18. 18. Existing studies on combining OLAP and Data mining <ul><li>Data driven exploration (Sarawagi) </li></ul><ul><ul><li>Find “exceptions” </li></ul></ul><ul><ul><li>Mean and STD are calculated for a cell </li></ul></ul><ul><ul><li>If the aggregate of the cell is outside the (  -2.5  ,  +2.5  )  exception </li></ul></ul><ul><ul><li>OLAP version of “3  ” rule </li></ul></ul>
  19. 19. Associating records by finding distinctive values or outliers <ul><li>Basic idea </li></ul><ul><ul><li>If a group of records have common characteristics, and these “common” characteristics are unusual or “outliers”, we are more confident in asserting that these records come from the same causal mechanism. </li></ul></ul><ul><li>Look for distinctive characteristics – the best would be DNA </li></ul>
  20. 20. OLAP-outlier-based method to associate records <ul><li>Rationale for distinctive values or outliers </li></ul><ul><ul><li>Weapon used in robberies </li></ul></ul><ul><ul><li>“ gun” – very common, hard to associate </li></ul></ul><ul><ul><li>“ Japanese sword” – distinctive, come from the same person </li></ul></ul><ul><li>We build an outlier score function to measure this “distinctiveness”, </li></ul><ul><ul><li>Higher score  more distinctive  more confident to associate </li></ul></ul><ul><ul><li>It is for categorical attributes (MO is important in linking criminal incidents) </li></ul></ul>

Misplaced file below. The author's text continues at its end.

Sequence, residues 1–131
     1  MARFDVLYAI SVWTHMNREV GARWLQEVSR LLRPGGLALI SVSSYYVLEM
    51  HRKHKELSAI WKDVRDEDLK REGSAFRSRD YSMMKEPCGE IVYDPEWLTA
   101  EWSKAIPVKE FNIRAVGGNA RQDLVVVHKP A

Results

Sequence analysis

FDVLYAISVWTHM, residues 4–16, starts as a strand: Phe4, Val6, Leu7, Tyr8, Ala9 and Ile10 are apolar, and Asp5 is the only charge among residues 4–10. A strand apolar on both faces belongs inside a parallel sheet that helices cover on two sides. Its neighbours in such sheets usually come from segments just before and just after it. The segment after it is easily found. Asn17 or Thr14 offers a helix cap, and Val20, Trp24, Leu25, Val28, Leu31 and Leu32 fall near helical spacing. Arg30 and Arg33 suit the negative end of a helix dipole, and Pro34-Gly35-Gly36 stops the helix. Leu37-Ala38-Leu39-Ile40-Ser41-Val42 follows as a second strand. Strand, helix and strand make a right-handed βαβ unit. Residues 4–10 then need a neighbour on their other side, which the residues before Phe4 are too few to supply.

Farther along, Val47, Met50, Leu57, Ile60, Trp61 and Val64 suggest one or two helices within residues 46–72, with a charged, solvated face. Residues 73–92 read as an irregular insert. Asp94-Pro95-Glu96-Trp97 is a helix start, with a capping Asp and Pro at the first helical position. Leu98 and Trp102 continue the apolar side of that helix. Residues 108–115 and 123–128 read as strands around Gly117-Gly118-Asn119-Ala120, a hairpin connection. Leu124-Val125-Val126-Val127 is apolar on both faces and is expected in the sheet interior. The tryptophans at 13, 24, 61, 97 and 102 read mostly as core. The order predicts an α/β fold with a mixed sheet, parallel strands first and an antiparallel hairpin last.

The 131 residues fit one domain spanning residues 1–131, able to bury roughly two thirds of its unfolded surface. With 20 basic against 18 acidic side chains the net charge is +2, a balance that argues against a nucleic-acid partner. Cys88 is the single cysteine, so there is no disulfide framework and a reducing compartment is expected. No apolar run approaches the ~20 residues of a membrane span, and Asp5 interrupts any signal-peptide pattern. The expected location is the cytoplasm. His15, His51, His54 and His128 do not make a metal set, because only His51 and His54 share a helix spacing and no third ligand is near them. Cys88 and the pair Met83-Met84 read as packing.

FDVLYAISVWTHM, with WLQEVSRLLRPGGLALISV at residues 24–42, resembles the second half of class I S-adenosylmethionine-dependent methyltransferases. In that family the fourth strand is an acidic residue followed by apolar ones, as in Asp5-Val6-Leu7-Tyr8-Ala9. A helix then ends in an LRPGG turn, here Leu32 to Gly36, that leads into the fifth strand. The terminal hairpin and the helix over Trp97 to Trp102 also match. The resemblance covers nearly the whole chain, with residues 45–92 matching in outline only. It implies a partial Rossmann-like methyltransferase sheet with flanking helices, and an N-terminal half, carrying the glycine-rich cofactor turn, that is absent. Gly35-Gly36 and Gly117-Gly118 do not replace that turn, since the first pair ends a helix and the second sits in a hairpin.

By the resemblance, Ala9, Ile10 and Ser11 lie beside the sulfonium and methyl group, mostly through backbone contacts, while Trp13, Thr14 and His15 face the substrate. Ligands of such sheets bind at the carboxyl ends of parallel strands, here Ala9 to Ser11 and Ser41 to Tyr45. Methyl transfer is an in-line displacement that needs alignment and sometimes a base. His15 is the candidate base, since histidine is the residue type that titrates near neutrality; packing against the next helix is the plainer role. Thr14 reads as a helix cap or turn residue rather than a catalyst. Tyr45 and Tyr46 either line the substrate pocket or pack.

21. 21. Definitions <ul><li>Cell, Parent, Neighbor </li></ul><ul><ul><li>Cell: a vector of values for some attributes. </li></ul></ul><ul><ul><li>Parent: replace one attribute of the cell with wildcard element “*”. </li></ul></ul><ul><ul><li>Neighbor: A group of cells having the same Parent. </li></ul></ul><ul><li>Derive from OLAP field </li></ul>
  22. 22. Illustration -- Cell
  23. 23. Illustration --parent a 1 a 2 a 4 a 5 a 3 b 4 b 3 b 2 b 1 Cell (a 5 ,b 3 ) has two parents: (a 5 , *) and (*,b 3 )
  24. 24. Illustration -- Neighbor Neighbor is a collection of cells sharing the same parent
  25. 25. Outlier Score Function <ul><li>We start building this function from one dimension, and then we generalize to higher dimensions. </li></ul><ul><li>For one dimension, we have the following two observations. </li></ul><ul><ul><li>Values with small probability (frequency) are more “unusual” </li></ul></ul><ul><ul><li>Outlier score is high when the uncertainty level is low. </li></ul></ul>
  26. 26. Observation I P=0.1 Outlier For attribute “color”, value “blond” covers 10% of the records. Hence, it should get a higher outlier score.
  27. 27. Observation II Although both of them have frequency=0.2, the left one is more “unusual”, because the uncertainty level is low.
  28. 28. Observation III <ul><li>“more evidence” </li></ul><ul><ul><li>More evidence is better than less  higher outlier score </li></ul></ul>